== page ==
Monetary authorities are sticklers for accuracy and are a calculating bunch of number crunchers.
Even their official statements are highly nuanced, couched in technocrat-speak, almost crafted for diplomats wary of upsetting host governments and foreign partners.
Their words are carefully measured as they impact markets, people’s expectations, and decisions.
Even when they -- or one of them – goof, the words come out softly, gently, benign with an analgesic effect – swift and soothing.
Consider the weekend back-to-back Bangko Sentral statements that came with breath-taking quickness.
After casually announcing it was considering the proposed production of P20 coins, the BSPl promptly clarified a statement made by a high-ranking official and assured the public that an extensive and in-depth deliberation would be done regarding the proposal.
Monetary officials must have suddenly realized the tremendous psychological impact on the public waking up one day to discover that their P20bill has been reduced to a mere loose change, barya, sensilyo – coin.
In explaining (away?) its plan, the BSP said it was not “downsizing the P20 bill at all. Rather, it was only “rightsizing” it.
Yeah, right. Sure.
Senior assistant governor Dahlia D. Luna, head of the BSP’s Security Plant Complex, the unit that prints Philippine banknotes and mints coins, among other functions, earlier said her departmernt has received an instruction from BSP’s policy-making Monetary Board to render a design for this denomination.
Luna said the proposal was made under the current leadership based on a study by the University of the Philippines. She did not elaborate.
She said the P20 bill is the most used denomination among the banknotes because it is the smallest in terms of value.
In other words, consumers are now reckoning their purchaising decisions now in terms of P20.
“Cost and designs for this proposed coin denomination is still being studied, she said, but stressed that BSP would also strengthen its coin recirculation program to maximize the benefits of using coins,” Luna said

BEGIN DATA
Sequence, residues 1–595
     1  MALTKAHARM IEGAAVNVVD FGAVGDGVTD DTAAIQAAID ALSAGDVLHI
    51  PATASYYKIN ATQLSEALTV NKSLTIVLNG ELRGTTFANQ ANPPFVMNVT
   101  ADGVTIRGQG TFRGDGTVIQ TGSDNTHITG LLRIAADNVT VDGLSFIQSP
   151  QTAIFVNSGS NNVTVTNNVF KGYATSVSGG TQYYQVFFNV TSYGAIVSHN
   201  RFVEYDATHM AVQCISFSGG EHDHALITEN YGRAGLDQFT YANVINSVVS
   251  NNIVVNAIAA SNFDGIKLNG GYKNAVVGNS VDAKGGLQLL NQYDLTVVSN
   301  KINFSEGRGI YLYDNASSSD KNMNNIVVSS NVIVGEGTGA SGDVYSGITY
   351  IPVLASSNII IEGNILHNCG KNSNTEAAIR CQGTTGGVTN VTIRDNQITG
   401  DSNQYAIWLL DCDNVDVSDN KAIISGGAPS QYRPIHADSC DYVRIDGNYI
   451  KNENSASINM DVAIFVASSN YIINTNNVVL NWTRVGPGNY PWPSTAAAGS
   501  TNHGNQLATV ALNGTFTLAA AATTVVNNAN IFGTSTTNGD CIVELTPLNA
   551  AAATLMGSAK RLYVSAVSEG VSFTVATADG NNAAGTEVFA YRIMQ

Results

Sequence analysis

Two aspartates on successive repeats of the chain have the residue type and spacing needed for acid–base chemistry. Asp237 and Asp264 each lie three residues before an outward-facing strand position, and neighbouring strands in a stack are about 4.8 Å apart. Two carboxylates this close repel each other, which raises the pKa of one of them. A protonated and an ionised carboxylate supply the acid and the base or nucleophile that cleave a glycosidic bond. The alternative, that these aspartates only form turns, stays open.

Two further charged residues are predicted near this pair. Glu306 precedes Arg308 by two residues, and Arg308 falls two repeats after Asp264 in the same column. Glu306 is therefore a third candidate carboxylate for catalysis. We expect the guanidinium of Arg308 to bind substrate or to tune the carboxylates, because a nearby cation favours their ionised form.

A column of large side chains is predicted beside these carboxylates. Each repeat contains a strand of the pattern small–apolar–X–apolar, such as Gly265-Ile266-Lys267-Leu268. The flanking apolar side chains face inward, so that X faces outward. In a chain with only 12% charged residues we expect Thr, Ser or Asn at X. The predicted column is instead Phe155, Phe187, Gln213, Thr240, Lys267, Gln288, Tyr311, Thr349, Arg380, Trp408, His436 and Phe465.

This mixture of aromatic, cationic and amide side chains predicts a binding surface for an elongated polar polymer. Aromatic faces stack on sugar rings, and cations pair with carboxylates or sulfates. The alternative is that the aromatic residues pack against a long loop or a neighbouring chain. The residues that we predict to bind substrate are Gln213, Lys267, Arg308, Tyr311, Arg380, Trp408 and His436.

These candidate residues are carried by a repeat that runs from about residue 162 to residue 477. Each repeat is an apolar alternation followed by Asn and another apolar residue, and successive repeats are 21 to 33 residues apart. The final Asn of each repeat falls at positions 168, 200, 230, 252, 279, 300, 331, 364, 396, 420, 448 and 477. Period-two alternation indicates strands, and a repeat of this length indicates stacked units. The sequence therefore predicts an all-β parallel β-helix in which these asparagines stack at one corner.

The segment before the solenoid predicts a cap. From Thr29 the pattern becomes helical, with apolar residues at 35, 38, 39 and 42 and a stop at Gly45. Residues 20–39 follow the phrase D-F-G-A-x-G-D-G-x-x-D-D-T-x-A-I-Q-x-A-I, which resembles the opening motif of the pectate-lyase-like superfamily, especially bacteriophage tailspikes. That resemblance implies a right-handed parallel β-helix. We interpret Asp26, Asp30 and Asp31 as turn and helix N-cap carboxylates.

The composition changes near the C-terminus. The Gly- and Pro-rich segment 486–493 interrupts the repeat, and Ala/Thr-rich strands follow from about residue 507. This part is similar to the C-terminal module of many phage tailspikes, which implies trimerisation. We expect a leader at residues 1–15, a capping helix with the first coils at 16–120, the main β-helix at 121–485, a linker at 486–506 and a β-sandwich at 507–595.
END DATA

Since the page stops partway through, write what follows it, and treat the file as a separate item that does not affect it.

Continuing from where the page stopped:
She explained that while the production cost of coins is much higher than bills, for example a P20 bill cost about P2 apiece while a P10 coins costs between P5 to P10, coins last in circulation much longer. “But what should be considered here is the life of the coin compared to a bill,” she said.
She said the P20 bill, for one, has a life of about six months to a year while coins can last up to 15 years.
She said the P20 coins would be released either by the end of this year or in the first quarter of 2020.
But in its subsequent statement, the BSP said it was in no rush to make and release the coin.
“A total systems study on the currency cycle” in the central bank was conducted recently by a team from the University of the Philippines. One of the recommendations is the replacement of the 20-Piso banknote with coin as it is the most used denomination for small-value transactions, causing it to be easily unfit and returned to the BSP for replacement,” it saidit said.
The BSP said that on the back of this recommendation, the central bank would ensure that the coins to be mint are studied carefully.
“As with previous currency issuances and enhancements, the design, security features, and specifications of the 20-Piso coin shall be a result of an extensive and in-depth deliberation by the BSP’s Committee on Currency Design and Enhancements,” it said.
“The Committee’s proposal shall be submitted to the Monetary Board and then recommended for final approval of the President of the Philippines,” it added.
Asked for the cost and release date of the proposed P20 coin, BSP Gov. Benjamin E. Diokno said “that’s still under deliberation by the Monetary Board”.
Most people put a a high price, a premium on symbols of national identity and pride. Some embrace cost-effectiveness as a virtue.
Cheap -- the new way to go?
Counterfeiters never sleep.
Apparently, there are gazillions of moolah to be made from making fake currency.
And so monetary authorities have to stay so many steps ahead of syndicates churning out bogus bills.
Come to think of it: Even the US Federal Reserve has to be on constant watch against counterfeit greenbacks.
And so local monetary authorities cannot afford to le their guard own against home-grown funny money makers.
But the BSP, the exclusive, official printer and issuer of the country’s legal tender, does not think the caper is funny at all.
And so it mounts a serial modification of notes it churns out to keep the integrity of the peso intact.
The BSP has thus renewed its advisory to the public to carefully check their banknotes for identifiable security features to ascertain their genuineness.
Since 2010, the BSP has arrested and filed criminal cases against 133 counterfeiters in coordination with other law enforcement agencies.
This led to the confiscation of various counterfeit currencies, i.e. Iraqi Dinar, Japanese Yen, Malaysian Ringgit, US Dollar, and several equipment and paraphernalia used for counterfeiting.
The New Generation Currency banknote series, which bear the names and siantures of Diokno and President Duterte and now in circulation, has the latest technology security features that are easily identifiable and difficult to counterfeit. The BSP advises the public to carefully feel, look and tilt their banknotes to check for these security features.
Beholds God’s glory and seek His mercy.
Pause and pray, people